Shedding Light on a Grainy Subject

Think about the last time you bought bread at the grocery store. Rows and rows of bread wrapped in shiny plastic packages with plentiful promises of health as empty as their calories. Phrases such as “heart healthy,” “100 percent whole grain” and “low sodium” are stamped on many packages, while others make no nutritional claims at all. The labels can be confusing and inconsistent.

Additionally, if you live in an economically thriving neighborhood, maybe the last time you bought bread there were many choices at your neighborhood grocery store. But, if you live in an economically disadvantaged neighborhood, maybe you had limited choices.

Dr. Valerie O’Brien discusses a research project with her Honors Nutrition Class that centers on sliced bread.

The Honors Nutrition class at Tulsa Community College conducted research in the fall semester to examine the nutritional quality of breads available in different quadrants within Tulsa County.

“Food is not really equally available to all the members of our community here in Tulsa,” said Dr. Valerie O’Brien, Professor of Biology. “There are a number of food deserts. For this research, the class used income and poverty demographics to see if there is a difference in breads that are available, how they are displayed and their prices.”

They also compared packages of breads labeled as “whole grain” with their actual nutritional content to determine whether consumers could rely on that wording when trying to choose healthy whole grain breads.

“We’ve already learned that labeling can be incorrect and there is an inconsistency,” said Cheryl McGuire-Howard, Psychology major. “Bread packages might have a whole grain stamp but some of the best sources for whole grain bread didn’t have the stamp. So just because it has a stamp doesn’t mean it’s the best and just because it doesn’t have a stamp doesn’t mean that it’s not the best. It’s inconsistent for the people who don’t know.”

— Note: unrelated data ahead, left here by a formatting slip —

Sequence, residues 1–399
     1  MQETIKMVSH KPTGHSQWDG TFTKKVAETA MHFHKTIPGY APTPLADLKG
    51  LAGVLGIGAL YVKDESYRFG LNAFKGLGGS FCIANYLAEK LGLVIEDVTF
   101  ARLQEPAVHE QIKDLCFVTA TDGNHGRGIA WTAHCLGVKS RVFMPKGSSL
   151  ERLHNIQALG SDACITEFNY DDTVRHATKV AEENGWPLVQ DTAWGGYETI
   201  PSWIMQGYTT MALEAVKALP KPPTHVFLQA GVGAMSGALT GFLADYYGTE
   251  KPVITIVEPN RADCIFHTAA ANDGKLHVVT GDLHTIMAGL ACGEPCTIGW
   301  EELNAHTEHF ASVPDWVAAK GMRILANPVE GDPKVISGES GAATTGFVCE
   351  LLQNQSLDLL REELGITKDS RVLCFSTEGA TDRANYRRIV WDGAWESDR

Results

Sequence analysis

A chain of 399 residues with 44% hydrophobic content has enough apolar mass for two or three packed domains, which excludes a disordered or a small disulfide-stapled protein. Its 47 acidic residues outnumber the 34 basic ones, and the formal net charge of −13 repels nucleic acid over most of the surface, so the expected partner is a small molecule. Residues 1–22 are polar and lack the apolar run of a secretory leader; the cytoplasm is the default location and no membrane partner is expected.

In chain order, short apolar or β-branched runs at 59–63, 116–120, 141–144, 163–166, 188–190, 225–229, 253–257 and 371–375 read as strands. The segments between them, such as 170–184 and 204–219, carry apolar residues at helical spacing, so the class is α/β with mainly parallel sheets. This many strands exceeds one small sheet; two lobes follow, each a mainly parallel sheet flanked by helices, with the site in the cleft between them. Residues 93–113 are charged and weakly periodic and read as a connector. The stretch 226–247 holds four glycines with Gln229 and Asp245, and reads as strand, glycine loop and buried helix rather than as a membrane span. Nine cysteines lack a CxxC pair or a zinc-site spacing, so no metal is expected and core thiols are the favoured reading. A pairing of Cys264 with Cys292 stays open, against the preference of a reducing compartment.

O’Brien said she got the idea for the research project from an article in a peer-reviewed nutrition journal. She told the students about it, and they were eager do research as undergrads.

“I like that we are doing a different approach, instead of just listening to a lecture and taking a test,” said Elizabeth Donegan, English Education major. “We are taking articles from ‘Food,’ which is a special issue of Scientific American, and using our textbook to study issues more in depth.

“It has helped me connect and get excited about nutrition and science, which I’m not normally excited about either of those things. But, I love this class.”

O’Brien said it is important for college students to think critically and work with open-ended situations. She said she benefitted from doing research as an undergraduate student, so she wants her students to have the same opportunity.

This spring, her Honors Nutrition class is expanding and building upon the research from her fall class. The ultimate goal is to have reports that they can submit to the Tulsa Health Department that gives insight on the availability of healthy whole grains.

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Results of the study: O’Brien said that her class found many healthy whole grain breads were available at both small, independently owned grocery stores and large chain grocery stores. They found that regardless of the demographics of an area, grocery stores had healthy whole grain bread choices for consumers.

Even though they found that white bread was priced below whole grain bread, she said they found that the whole grain breads were relatively inexpensive in comparison.

They also found that when a package of bread had the word “whole” prominently placed, 85 percent of those breads had a healthy whole grain ratio. That is, those breads had a healthy ratio of carbohydrates to fiber, which is approximately 10:1. This translates into the consumer having to spend less time and energy trying to do the math in the bread aisle.

O’Brien said she plans to expand the research this spring by studying other grain products, such as cereals and crackers.